Game, set, fire: Virtual and augmented reality arcades take off in Singapore

A new breed of virtual-reality and augmented-reality arcades is raising the fun factor in the video-gaming industry with more specialised hardware and games

Virtual reality (VR) and augmented reality (AR) have become the hottest trends in video gaming today by giving players more immersive and realistic action in at least three new shops here.

VR and AR are related, but slightly different technologies. VR places gamers into a full-fledged virtual world, while AR overlays virtual elements onto the real world.

The action-heavy Zero Latency, which has its roots in Australia, is Singapore's first free-roaming VR gaming shop. It cuts the cord which tethers players to a VR console, giving them absolute freedom to walk as they see fit.

Gamers don goggles, headphones and a weapon, all hooked up to a backpack containing a laptop, and are free to wander untethered in a darkened room in real life, but are actually off exploring abandoned spaceships or fighting off zombie hordes in virtual space.

Virtual Room Singapore, meanwhile, reduces VR to the basics by giving players only a headset and two controllers, but contains cleverly designed puzzles and missions that will test a team's ability to coordinate and work together.

Hado Singapore uses AR to overlay virtual objects, such as animated dragons or fireballs, over the real-world environment.

While VR and AR arcades have been in Singapore since 2016, their play set-up was largely quite basic. These early shops rented off-the-shelf VR headsets and consoles, such as the HTC Vive or PlayStation VR, to gamers and gave them enough space to play commercially available games.

I like how the VR allowed you to sort of experience things like zero gravity and dinosaurs and the haptic technology immersed you in the various worlds.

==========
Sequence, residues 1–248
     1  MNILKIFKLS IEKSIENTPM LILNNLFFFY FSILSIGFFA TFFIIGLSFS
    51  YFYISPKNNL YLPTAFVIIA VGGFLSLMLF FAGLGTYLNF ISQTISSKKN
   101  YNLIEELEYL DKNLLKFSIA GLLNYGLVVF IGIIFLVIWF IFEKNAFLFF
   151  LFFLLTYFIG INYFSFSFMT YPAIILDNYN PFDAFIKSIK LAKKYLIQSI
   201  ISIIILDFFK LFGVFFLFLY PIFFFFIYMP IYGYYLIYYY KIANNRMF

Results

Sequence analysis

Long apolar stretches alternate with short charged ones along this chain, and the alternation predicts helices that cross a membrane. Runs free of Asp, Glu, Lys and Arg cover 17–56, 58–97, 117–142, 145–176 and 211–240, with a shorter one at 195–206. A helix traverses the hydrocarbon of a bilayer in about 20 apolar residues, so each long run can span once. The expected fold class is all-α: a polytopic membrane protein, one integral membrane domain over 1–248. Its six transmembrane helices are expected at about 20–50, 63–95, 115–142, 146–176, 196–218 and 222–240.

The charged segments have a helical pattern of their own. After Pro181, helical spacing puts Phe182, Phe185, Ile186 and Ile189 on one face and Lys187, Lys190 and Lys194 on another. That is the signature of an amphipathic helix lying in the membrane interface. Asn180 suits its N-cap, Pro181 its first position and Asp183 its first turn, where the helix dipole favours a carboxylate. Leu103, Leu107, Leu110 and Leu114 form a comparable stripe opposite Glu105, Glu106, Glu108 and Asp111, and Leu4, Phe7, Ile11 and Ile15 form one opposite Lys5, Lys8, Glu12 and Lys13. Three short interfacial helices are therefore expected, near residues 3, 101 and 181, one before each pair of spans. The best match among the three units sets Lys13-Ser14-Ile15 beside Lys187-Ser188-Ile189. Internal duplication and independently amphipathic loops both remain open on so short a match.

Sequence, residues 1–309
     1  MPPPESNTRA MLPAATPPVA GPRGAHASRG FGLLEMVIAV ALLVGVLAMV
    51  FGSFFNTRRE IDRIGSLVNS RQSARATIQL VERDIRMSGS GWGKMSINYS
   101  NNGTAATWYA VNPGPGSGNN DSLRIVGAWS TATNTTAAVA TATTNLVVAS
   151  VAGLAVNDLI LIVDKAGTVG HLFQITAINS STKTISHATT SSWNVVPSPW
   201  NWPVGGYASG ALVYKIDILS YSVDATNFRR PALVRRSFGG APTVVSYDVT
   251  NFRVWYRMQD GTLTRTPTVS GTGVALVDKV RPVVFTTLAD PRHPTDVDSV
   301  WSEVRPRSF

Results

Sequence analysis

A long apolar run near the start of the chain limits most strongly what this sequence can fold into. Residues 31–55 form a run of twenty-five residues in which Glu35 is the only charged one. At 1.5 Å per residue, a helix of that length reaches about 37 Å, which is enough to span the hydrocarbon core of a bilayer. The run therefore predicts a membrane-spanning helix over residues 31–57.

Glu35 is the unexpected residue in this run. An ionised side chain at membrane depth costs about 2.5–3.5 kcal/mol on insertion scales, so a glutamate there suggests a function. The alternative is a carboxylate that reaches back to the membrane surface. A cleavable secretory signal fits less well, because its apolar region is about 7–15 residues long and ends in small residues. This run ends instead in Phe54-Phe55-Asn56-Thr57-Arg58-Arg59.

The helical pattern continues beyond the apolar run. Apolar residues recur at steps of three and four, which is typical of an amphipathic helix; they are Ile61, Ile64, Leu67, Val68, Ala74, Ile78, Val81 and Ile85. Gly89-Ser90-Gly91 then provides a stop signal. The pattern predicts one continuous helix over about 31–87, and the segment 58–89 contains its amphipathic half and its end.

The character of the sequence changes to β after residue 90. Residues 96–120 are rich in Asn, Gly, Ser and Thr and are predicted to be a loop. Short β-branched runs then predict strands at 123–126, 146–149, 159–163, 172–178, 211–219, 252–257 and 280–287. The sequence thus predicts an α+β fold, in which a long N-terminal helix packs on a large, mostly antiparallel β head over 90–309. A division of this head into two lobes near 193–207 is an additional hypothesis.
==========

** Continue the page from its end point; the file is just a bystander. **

MS EUNICE WONG on her first virtual-reality game, held at Virtual Room Singapore

The new breed of VR and AR arcades provide specialised equipment and proprietary games specially developed for bigger playing areas and teamplay.

Interest in such arcades has picked up rapidly, with curious onlookers gathering outside shops watching gear-loaded players react to invisible monsters and obstacles.

Zero Latency has had about 6,000 visitors since it opened here last November, according to Mr Simon Ogilvie, executive director of Tomorrow Entertainment, which brought the franchise to Singapore.

Virtual Room Singapore has had an average of 1,500 visitors a month since it opened last October, while Hado Singapore has seen "thousands" of gamers step through its doors in the same time period.

Video editor Eunice Wong, 29, had never played a VR game in her life, prior to joining a game at Virtual Room Singapore, but still found the experience intuitive and easy to pick up. "It was a good beginner's foray into VR," she says. "I like how the VR allowed you to sort of experience things like zero gravity and dinosaurs and the haptic technology immersed you in the various worlds."

But these entertainment options do not come cheap, as software licensing fees and hardware costs are quite high. A 30-minute session at Virtual Room Singapore starts at $44, while a 30-minute session at Zero Latency costs as much as a full-fledged video game at $69.

But Zero Latency's Mr Ogilvie describes the genre as the "business class of gaming" - priced at a premium, but offering people the chance to play games they cannot play at home or in arcades.

Ms Rebecca Assice, director of Virtual Room Singapore, says that while some players are initially hesitant about playing in VR for fear of motion sickness, many take to the experience minutes into the game.

As for Mr Jasper Tan, founder of company NexRealm, which brought the rights for Hado from Japan to Singapore, AR is a cheaper alternative to VR gaming, which he hopes will introduce more newcomers to the genre. "People really get into the games," he says. "We even have uncles coming to play and they're rolling on the floor (to dodge attacks)."